Ironwood Daily Globe from Ironwood, Michigan on May 20, 1965 · Page 2
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Ironwood Daily Globe from Ironwood, Michigan · Page 2

Ironwood, Michigan
Issue Date:
Thursday, May 20, 1965
Page 2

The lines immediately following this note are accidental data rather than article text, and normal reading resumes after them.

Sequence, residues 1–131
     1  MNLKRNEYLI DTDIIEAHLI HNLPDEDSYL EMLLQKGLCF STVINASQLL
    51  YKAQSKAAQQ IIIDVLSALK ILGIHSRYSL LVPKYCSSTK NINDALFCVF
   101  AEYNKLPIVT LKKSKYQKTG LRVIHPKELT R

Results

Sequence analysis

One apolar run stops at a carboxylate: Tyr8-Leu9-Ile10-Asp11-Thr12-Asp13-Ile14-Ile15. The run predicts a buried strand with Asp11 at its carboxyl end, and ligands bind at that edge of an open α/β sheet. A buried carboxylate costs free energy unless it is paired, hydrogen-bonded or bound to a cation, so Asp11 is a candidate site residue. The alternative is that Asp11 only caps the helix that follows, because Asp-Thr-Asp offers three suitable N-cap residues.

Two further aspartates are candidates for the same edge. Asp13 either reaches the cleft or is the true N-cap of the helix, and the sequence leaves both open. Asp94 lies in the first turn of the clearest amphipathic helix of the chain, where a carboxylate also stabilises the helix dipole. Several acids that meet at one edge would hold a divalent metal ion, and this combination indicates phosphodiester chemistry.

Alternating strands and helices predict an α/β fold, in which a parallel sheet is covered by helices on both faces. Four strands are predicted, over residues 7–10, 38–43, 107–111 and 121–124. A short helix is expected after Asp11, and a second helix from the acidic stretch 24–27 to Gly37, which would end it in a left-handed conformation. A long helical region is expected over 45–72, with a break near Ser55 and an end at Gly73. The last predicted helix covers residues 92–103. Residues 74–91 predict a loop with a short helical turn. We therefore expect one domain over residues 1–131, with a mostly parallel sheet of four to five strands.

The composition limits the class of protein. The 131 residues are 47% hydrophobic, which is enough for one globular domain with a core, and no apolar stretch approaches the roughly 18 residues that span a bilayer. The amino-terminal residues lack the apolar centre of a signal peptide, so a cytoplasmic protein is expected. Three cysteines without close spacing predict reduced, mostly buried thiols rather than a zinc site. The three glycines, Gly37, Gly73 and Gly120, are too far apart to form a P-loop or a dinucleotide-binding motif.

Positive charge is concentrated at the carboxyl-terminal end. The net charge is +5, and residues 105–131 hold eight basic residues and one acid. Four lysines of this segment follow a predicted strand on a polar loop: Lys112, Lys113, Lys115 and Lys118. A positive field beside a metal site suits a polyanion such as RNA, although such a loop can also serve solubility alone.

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I TWO IRONWOOD DAIIY GLOBE, IRONWOOD, MICHIGAN THURSDAY, MAY 20, 1965. Michigan Week Being Noted at Ramsay School RAMSAY — Michigan Week, with special emphasis on the theme of each day, is being observed in the Ramsay School, Bessemer Township system, by the students in all grades. The first graders in Miss Doreen Corgiat's room are studying the map of Michigan, and becoming acquainted with the distinctive shape of the southern and northern sections. They are learning that both sections of Michigan are surrounded by water, and that they are peninsulas. They have found their home town on the map, and hav e sketched the route they would take to the state capital, Lansing; to Detroit, and other points of interest. They know all about "Mighty Mac," the bridge, and can point out on the map where it connects the two peninsulas They are busy locating the different cities in Michigan where they have visited, and tracing the highways they have traveled. They know the Mich i g a n song, and what it means. The second graders in Mrs. Edith Rule's room have made beautiful booklets telling about the state bird, the flower, the tree, the animals, and cities of interest and many other important facts about their state. They have drawn maps of the two peninsulas for the covers on their booklets. Their bull e t i n board is most interesting, with colorful ribbons leading from the various cities in Michi ga n to surrounding pictures, showing the special product of that particular city. Some of the ribbons lead to Grand Rapids, showing that furniture is made there; Detroit and Flint, automobiles; Battle Creek, breakfast foods; Lansing, the capital; Marquette, Ann Arbor, etc. They have shown the bridge and many colorful activities describing life in Michigan. The second graders in Miss Mary Stefanlk's room have discussed the salt mine under Detroit; have talked about the automobile industry in Michigan; have discussed Holland and tulip time there and the cherry orchards in Michigan; and many other colorful places of interest. They are studying the wild flowers and birds found in their Upper Peninsula, with spe c 1 a 1 emphasis on the beauty of our state with its distinctive and beautiful seasons, each so different and so picturesque. They have discussed different ways in which they could make their state more lovely and inviting. The third graders in Miss Martha Arenz's room have each contributed at least one page of interest to form a large Class Michigan Scrap Book. In story, poem, picture, graph, drawings and articles, the children have told the story of Michigan. They have written about the early history; they have pictured and shown the state bird, flowers, trees, cities, products, industries and everything they could find about their state. They have posted the separate pages in the hall outside their room so that all who pass may read, study and enjoy the work that they proudly present. The fourth graders in .Mrs. George Nelson's room each have a Michigan road map. Every day this week, the children look forward to a "tour" they will take to some interesting place in their state. So realistic has this been made, that the c h 11- dren feel they are taking a trip to some place that is being colorfully described by their teacher. The fourth grade bulletin board is gay with apple bios- soms and robins perched in * front of bird houses in bas relief. The fifth graders in Wai no Korpela's room have each made a booklet on Michigan. They deal with history, geograp h y, Industry, products, scenes and everything of interest about the state. Beautiful covers make them especially Interesting to all who want to read them. The sixth graders in Miss Natalie Wagner's room have made large posters, which come under the title, "If You Seek a Beautiful Peninsula, Look About You." In charcoal, chalk, poster paint and water colors, they have shown the beautiful scenes of spring, summer, autumn and winter. They have pictured win ter and summer sports of a 11 kinds, and industries. Each child has made a book on Michigan, with every type of information •bout the state. Covers are colorful and Individual. Themes have been written each day, using the special topic of the day for the subject. They also made a colorful board display in the lower hall. The seventh graders under Miss Doris Carlson are making various maps, in relief, showing the topography of the state. They have made product maps, posters and colorful and interesting borders. Of special interest are the little "Box" displays the students have made. They have constructed landscapes, fore s t scenes, ski hills, mount a i n scenes and rivers using actual materials, rock, sand, grass, trees, etc. In all classes, Miss Carlson has been conduct! n g discussions on Michigan. The eighth and ninth graders in Myron Tillner's history and civics classes respectively are giving reports on Michigan history and government. The reports are being compiled in a arge class book. The ninth graders, under Richard Ossanna, are displaying the different rocks found in Michigan. Samples of Michigan trees are also on display. SMELT FEED Ml YOU CAN EAT! All e)f y Friday, kef inninf at •> ••Its/ •'> ' ' If MslMl «h«fffe jWrw^srjWI* IJv trwpwHJW EsWflst UA^B*A MfMsVAsf I*U Public Library Receives Grant RAMSAY — Librarian Richard V. Ossanna of the Bessemer Township Public Library has announced receipt of the second and final grant of state aid from the General Library Fu n d amounting to $44.66, making a ;otal of $107.15 for the year. This is based on Bessemer Township's 1960 census of 2,083 at .05144 per capita rate. Money received from the General Library Fund is to be used to increase and extend public library services and does not relieve the local community from providing adequate tax support. Librarian Ossanna said the money would be used to purchase more books for the children's collection. Helen Kremer, director of State Aid to Libraries, said Senate Bill 65 is in Senate Committee and that all efforts are being made for favorable passage, which will increase appropriations to public libraries. Margaret Kinnunen Feted With Shower RAMSAY — Miss Margaret Kinnunen, daughter of Mrs. Louise Kinnunen, who will become the bride of Douglas Berg, son of Mr. and Mrs. Carl Berg, Ironwood, May 22, was honored at a pre-nuptial shower at the Christ the King Parish Hall. The evening was spent playing cards and prizes were awarded to Mesdames Alf r e d Ciufetelli, Roy Reinl, Stan 1 e y Peremsky, Richard Beissel, Angelo Forini, Gordon Smith, Carl Berg, Eugene Seppanen, L o r- raine Johnson and Miss Janet Chiapuzlo. Miss Kinnunen was the recipient of many lovely gifts. Hostesses were Mrs. Louis Callovl, Mrs. Frances Morrison, Miss Beverly Hill and Mrs. Joseph Rocco, and the honored guest's sister, Miss Barbara Kinnunen. Ramsay Briefs Residents of Bessemer Township are notified that garb age and debris from "clean-up" will be collected on the same day as regular weekly garbage collections are made in the various communities. Mr. and Mrs. Floyd J. Ossanna have returned to their home in Anvil after an absence of four months. During this ti m e they visited with their son in law and daughter, Mr. and Mrs. Herbt Falk, and family of Algonquin, 111.; their son and daughter in law, Mr. and Mrs. Floyd F. Ossanna, and family of Wheaton, 111.; Mrs. Ossa n n a's sister and brother in law, Mr. and Mrs. William M. Morrison, and family of Atlanta, Ga. A Moody Institute science film, "Dust or Destiny," will be shown at the Riverside Bible Church Sunday night, May 23 at 8. Miss Betty A. Morris o n, daughter of Mr. and Mrs. William M. Morrison of Atl a n t a, Ga., arrived yesterday by plane to spend the summer vacation period visiting at the home of her maternal grandmother. Mrs. Louise Savera, Anvil, and with other relatives and friends in this area before returning to Atlanta in September, when she will enter college there. Four Candidates File Petitions RAMSAY—The following candidates have filed nomination petitions for the school election in Bessemer Township to be held Monday, June 14: Incumbents Peter V. Monton- ati and Floyd V. Jacobson, former board member George A Heikkinen and Donald J. Hewitt. The deadline for filing was Saturday, May 15, at 4 p.m. (EST). Two members for the Bessemer Township School District Board of Education for a term of three years are to be elected. School electors will also vote on two propositions at this election: (1) Vote to continue granting the board permission to levy over the 15 mills limitation for a 5 year period from July 1, 1966 to June 30, 1971; (2) Vote to consolidate the counties of Gogebic and Ontonagon in one Intermediate School District. Voting will take place in the Besse m e r Township Hall at Ramsay for voters of the 1st precinct, and at the Wilho Colem a n residence in South Bessemer for voters of the 2nd precinct. The polls will open at 7 in the morning and will remain open continuously without interruption until 8 p.m. (EST). Personnel comprising the election boards of the two precincts have been appointed as follows: Victor Jacobson, Celia Koski, Valeria Stone and Louise Kinnunen for Precinct 1; Domenic Rigoni, Hiski Romo, Ivy Gustafson and Agness Flaa for Precinct 2. Township Firemen to Pick Officers May 22 RAMSAY — The annual election of officers for the Bessemer Township fire department will be held Saturday evening at 7:15 in the firemen's quarters in the Ramsay Town Hall. In addition to the election of officers for the coming year, delegates and alternates will be appointed for the Upper Peninsula Firemen's Tournament at Ishpeming to be held Aug. 5, 6 and 7. Lunch and refreshments will be served following the conclusion of the meeting. Alaska's reindeer population (which was about 250,000 in 1890) now numbers less than 30,000 head. Buttons and Bows Club Will Meet Friday Night RAMSAY — Father Cap po's Buttons and Bows Square Dance Club will meet Frid a y night in the parish hall of Christ the King Catholic Church with Paul Cyr Sr. as caller. Cake and coffee will be served. Spectators and all square dancers are invited. Wakefield Briefs The Junior Confirmation Class of the Immanuel Luthe ran Church will meet Friday at 2:45 p.m. in the church. Confirmation Classes will be held Friday at 5:30 p.m. in the First Lutheran Church. A smelt feed will be held Friday beginning at 12 noon at the Veterans of Foreign Wars Post Home. The public is invited. The building committee of First Lutheran Church will hold an important meeting with the ar chitect tonight at 7 in the parish education building. The Veterans of Foreign Wars Baton Corps will sponsor a bake sale Saturday at 1 p.m. at the Co-op Store to raise money to buy drums. Three-wheeled motor scooters first were used experimentally to ease postmen's aching feet in Decatur, Ga. Htad to the BALKAN INN BIG Fun BIG Dane* TONIGHT Music by HUBS BELANGER Sc BALKAN STRINGS BALKAN INN Wekefield VESCHEK'S TOWER • "Famous in Wisconsin for Fin* Food" • • SERVING DAILY AT NOON SUNDAY BUFFET Children's Prices Plus Our Regular Menu Famous Ptisae 1Mb. Slacks. Rout Duck M«-MMe Bakery - DAIIY SPECIAL! THURSDAY - FRIDAY 'Moby Dick" Seafoods Potato Pancakes with Roast Beef or Fried Chicken ••ltd Ber . _ RESERVATIONS (11.41 11 er 5IM1S1 LM On FlasBbMv one Hour's RMe South 51-47-D to 70 FIRST POPPY—Iron County Buddy Poppy girl Bonnie Bensoni sells the first poppy of the year to Iron County Judge Arne H. Wicklund in a pre-kick-off ceremony of the 1965 Veterans of Foreign Wars Poppy drive. The drive will officially start on Friday. Also in the picture are, extreme left, VFW senior vice- commander, John Oberto and extreme right, Auxiliary president, Mrs. Mable Bazette. (Daily Globe Photo) Business Club Honors Mothers And Guests BESSEMER — Mothers and guests of the Bessemer Business and Professional Women's Club enjoyed a potluck supper Monday evening at the Elks club rooms. At the prog ram which followed Mrs. Dante Pricco extended a welcome and awarded special prizes to Mrs. Andrew Olson, the oldest mother present; to Mrs. Fred Sanger, the youngest mother present; ; to Mrs. Leonard Carls o n, the mother present who traveled the farthest; to Mrs. Lee Upton and Mrs. James McCa r t h y, having the most children; to Mrs. William Certano, hav ing the most grandchildren; and to herself the youngest grandmother present. Mrs. Dante Pricco read a poem dedicated to mothers. "What Is a Mother?" and Mrs. Louis Mascotti responded with a poem "To My Daughter-," Barbara Ippolite gave an ortorical declamation "The Return of the Square." John Ford gave a humorous reading of a cutting from "Green Pastures." James McCarthy played two piano solos, theme songs from the movies "Exodus" and "Goldfingers." Miss Ippolite and John Ford are sophomores at the A. D. Johnston High Sc h o ol and James McCarthy is a junior at the same school. Dessert for the supper was furnished by a committee consisting of Mrs. George Sabol, Mrs. Douglas Fender, Mrs. Peter Relich, Mrs. Ann Stevens, Mrs. Upton, Mrs. John Varalli, Mrs. Frank Evsich and Mrs. Ja m e s Trudgeon. The entertainm e n t committee consist e d of Mrs. Dante Pricco, Mrs. Martin Pricco, Mrs. Carl Olson and Mrs. Louis Mascotti. Table decorations were by Mrs. William Banovetz Mrs. John Matonich and Mrs. Harry Rizzie. At the business session a contribution of $2 was voted to the Fourth of July committee. Plans were also made for the annual picnic of the club to be held at Black River Harbor pavilion at 6:30 on June 21. Mrs. Banovetz, president, reported on the dinner-meeting which she attended at Grand View Hospital on May 12. Mrs. Ann Stevens made an appeal for yarn and materials for the use of patients at Gogeb- ic Hospital in therapy work, and said such materials may be left at the Bessemer Pharmacy. 3 Poppy Days Are Designated BESSEMER — J. I.' Neault, mayor of Bessemer, has Issued a proclamation urging citizens to take part in the Poppy Days activities of the American Legion and Veterans of Fore i g n Wars Auxiliaries. The two units are selling poppies today, Friday and Saturday. The mayor notes that the annual sales of Buddy Poppies by the VFW unit and Memor i a 1 Poppies by the Legion unit have been officially recognized and endorsed by the President of the United States. These p o p- pies are assembled by disabled veterans and the proceeds are used exclusively for the benefit of disabled and needy veterans and the widows and orphans of deceased veterans. The basic purpose of the sales are eloquently reflected in the desire to "Honor the dead by helping the living, the may o r said, therefore he urges citizens of the community to contribute generously to this project, and to "wear a poppy as mute evidence of pur gratitude to the men of this country who have risked their lives in defense of the freedoms which we continue to enjoy, as American citizens." Bessemer Briefs The Bessemer Woman's Club is sponsoring a rummage sale Friday, May 21, at the Pearce Graham building, next to Gambles Store, from 1 to 5 p.m. Andre Jacques Garnerin made the first "live" parachute jump from a balloon in Paris in 1797. WAKEFIELD THEATRE Showing Tonight and Friday Twice Evenings at 6:45 and 9:00 Dean Jones - Connie Stevens starring in: "TWO ON A GUILLOTINE" Also selected short features . llfr-ftw-ffi TODAY! EVES. 7:00 A 9:00 RONWOO THLA7RL OPEN FRIDAY SATURDAY SUNDAY THOU rotor rou-UHCTH MOTION PICTURE! IN COLOR! ERNEST BORGNINE ---- - . JOEFLYNN-TIMCONWAY I ieiw wHOUMtMMiiaiwi *wiviRSAirtCTuitnsiBl PIUSI aMr put Between covwvj Marlon David /Shirley Brando N'ven Jones gnyStor^oR ADMISSION $1.00 • CHILDREN FREE (Under 12 Years) PTA Molds Final Meet of Season WAKEFIELD — The final meeting of the Wakefield Parent-Teacher Association for the season was held Monday evening in the music auditorium of ;he high school, and was called to order by the outgoing president Mrs. Wilfred Wiita. During the business sess 1 o n ;he treasurer reported that the balance in the treasury was $280.73. It was agreed to continue the i wil! officiate at the confirmation milk program throughout the | rites, coming school season, and also j to provide a Cub Scout pro-j gram. A committee was named along with the High School Student Council to help pack and ship the books to Appalachla, The new officers were installed The girls were members of the Young Christian Students of the St. Mary's Immaculate Conception Parish. They were accompanied by Sister Bernice. The private plane was piloted by John Kevari. Three girls accompanied the pilot on the first trip, and two girls and Sister Bernice made the second trip. The girls were Jonelle Fra n ck, Jane Valesano, Barbara Beber, Mary Jo Sailer and Jean Barbera. The rites of confirmation for 85 children of the fifth, si x t h, seventh and eighth grades, will be held at the Immaculate Conception Catholic Church at 7:30 1 p.m May 28. Bishop T. L. Noa by -Mrs. James Gilbert for the coming 1065-66 year. They included Daniel Mestnlk, president Mrs. Donald Rhlnehart, vice president; Mrs. Casper Draxler, secretary; Ronald Koponen, treasurer, and Mrs. William Carroll, program chairman. Mrs. Anna Mattson presented information on posed hospital, the new pro- which will be voted on later in the year in the county. The program host and hostess were the Rev. and Mrs. Paul King, who introduced the speaker, Daniel Mestnlk who gave reports on an American Personnel and Guidance Clinic which he attended in Minneapolis. He also explained the guidance program of which he is counselor in the Wakefield school system. He concluded his talk with a report on the State PTA convention which was held in S a u 11 Ste. Marie. The musical portion of the program was. provided by the tndianhead Chapter of Sweet Adelines of Ironwood under the direction of Dr. D. A. Hoopingarner. They sang four selections, "Mary," "I'm All Alone," Wait Till the Sun Shines Nellie" and "This Is My Country." Following the program the aduience assembled in the cafe- teia for a social hour and lunch. Hostesses of the evening were Mrs. Joseph Radowski, c ha i r- man; Mrs. Louis Mazes, Mrs. Peter Tarnaski, Mrs. Stan 1 e y Shefka and Mrs. Dominic Billie. A colorful arrangement of spring flowers centered the tables. Five Wakefield Girls Enjoy First Plane Ride WAKEFIELD—Five Wakefield girls enjoyed the thrill of their first plane ride Tuesday night, flying from the airport at Ironwood, over Wakefield, and seeing their homes from the air. Rotary Club to Sponsor Film WAKEFIELD—The Wakefield Rotary Club will sponsor an interesting film following the next Monday, May 24 dinner meeting at 7 p.m. The film is of t h is year's Rose Bowl game in California between the Univers i t y of Michigan and Oregon. It will be shown in the high sch o o 1 gymnasium at 7 p.m. and the public is invited to view the film free of charge. Joseph Cloon is that program chairman and it is through his efforts that this film was obtained as part of the Rotary program for that evening. The Rotarians will meet at the Big Wheel Restaurant for their regular weekly dinner and then go to the school for the program. Anvil Briefs The Anvil Home Extens i o n Club will have its final meeting of the season Monday nig h t, May 24, at 7:30 at the Anvil club house. After a short business meeting lunch will be served. Grand Rapids Firm Submits Lowest Bid CHICAGO (AP) — The General Services Administration says Roy A. Brown of Grand Rapids, Mich., was the apparent low bidder for the improvement of the post office at Alma, Mich. Brown bid $27,000. IHEATRE N ORTH "Witness for the Prosecution" Friday - Sat. - Sunday! Curtain at 8:30 p.m. $1.00 admission IRONWOOD MEMORIAL BUILDING Dial 932-2411 reservations Women's Loop >' Holds Banquet. BESSEMER — The Bessemer Junior Women's B o w 11 n g League closed the season at...a banquet meeting at ;fhe B Wheel Restaurant, Wakef i e 1 d, served at tables nrade festive with floral arrangements donated by Mr. and Mrs. John Veral-' li. '' " -' Officers were elected at the business session and prizes were awarded. Mrs. Milared Heikkila wag 1 ' elected president; Mrs. Lor« ; rain Ulvinen, vice presid e n t js Mrs. Ina Hauta, secretary;' Mrs. Florence Korpi, treasurer/ and Miss Dorothy Brach,. serg- : eant at arms. High team awards: . : ' 1st—Colby Service with 83VS '' points, won high team awar <f!" and also the Chevrons. The personnel includes Kay Zanetti, Ag-' nes Erickson, Mildred Heikkila,' Isabelle Haapoja and Florence" Korpi. ;" 2nd —Hauta's Insurarice., 82 points; 3rd, Poor Joe's Inn, 5t' points; 4th, Ben Franklin, ttVjj". points. ; . '.,'. High three games — Colby; Service, 2228. '.." High single game—778. : ;, High single game Individu a 1. winners: '"^ Evelyn Berkovitz, 208; Mary!.'. Quigley, 201; June MCDermptt,':,' 201. High three game individu a 1— 7 ',',J Evelyn Berkovitz, 543;''. Maki, 527; Florence Korpi,.. 494. . ,: High averages: .,! June McDermott, 143..1; Eve-. lyn Berkovitz, 140.33; Agnes Erickson, 138.21. .. r Perfect attendance— Isabelle'. Haapoja, Agnes Erickson, Aune Saari, Lorraine Ulvinen, Atley. Boggetto and Jean Maki. - . Oddity awards: s Agnes Erickson, Isabelle Haa- * poja, Florence Korpi, Maj-Britt.:: Kangas, Aune Saari, Lorraine ; Ulvinen, Jean Maki, Vienna. Bersano, Kay Zanetti, Ann Ma? r; ki and Arley Boggetto.. Low game award went* *,.J6*4 Arley Boggetto. : "' Greatest increase in average (12 points) award was .won by Agnes Erickson. DANCE i FRIDAY NIGHT AT THE HAMILTON tODGt Montreal, Wisconsin MUSIC By: THE BOSSMEN 9 P.M. to 1 A.M. HARDWARE STORES DELIGHT THE NEW HOMEMAKER! 11-pc. COOKWARE SET Cooks without sticking, cleans with swish of suds! Includes: 1-qt., 2-qt, 3-qt. sauce pans, 5-qt. dutch oven, 10" skillet, 4 covers, nylon spatula, nylon spoon, recipe booklet. Teflon lets you cook without oils or fats. Makes cooking easier. 18.88 SLICING KNIFE All you have to do is guide it! 2 stainless steel blades slice meat, fish, poultry, fruits, cakes, cheeses, breads, vegetables in a professional manner. Makes carving a pleasure. Shop Giovunoni's Hardware for the largest supply of electrical appliances and electrical supplies at the lowest pricesl HAMILTON BEACH, 19.88 LIQUI- BLENDER 4 surgical steel cutting blades. 32-oz. container. For shakes, drinks, etc. STEAM 16.80 and DRY IRON Visible water supply. Power sprinkling makes wrinkles vanish at finger's touch. Fabric guide. Black handle. With White Handle....17.80 Easy roll wheels for , dling ease. Chrome wands, dusting brush, fabric noz-' zle, crevice tool. 5-qt. disposable bag. Swivel-top- canister type. Easy to clean under low furniture. GIOVANONI'S HARDWARE Silver St. Hurley Ph. 561-4141 if'.ft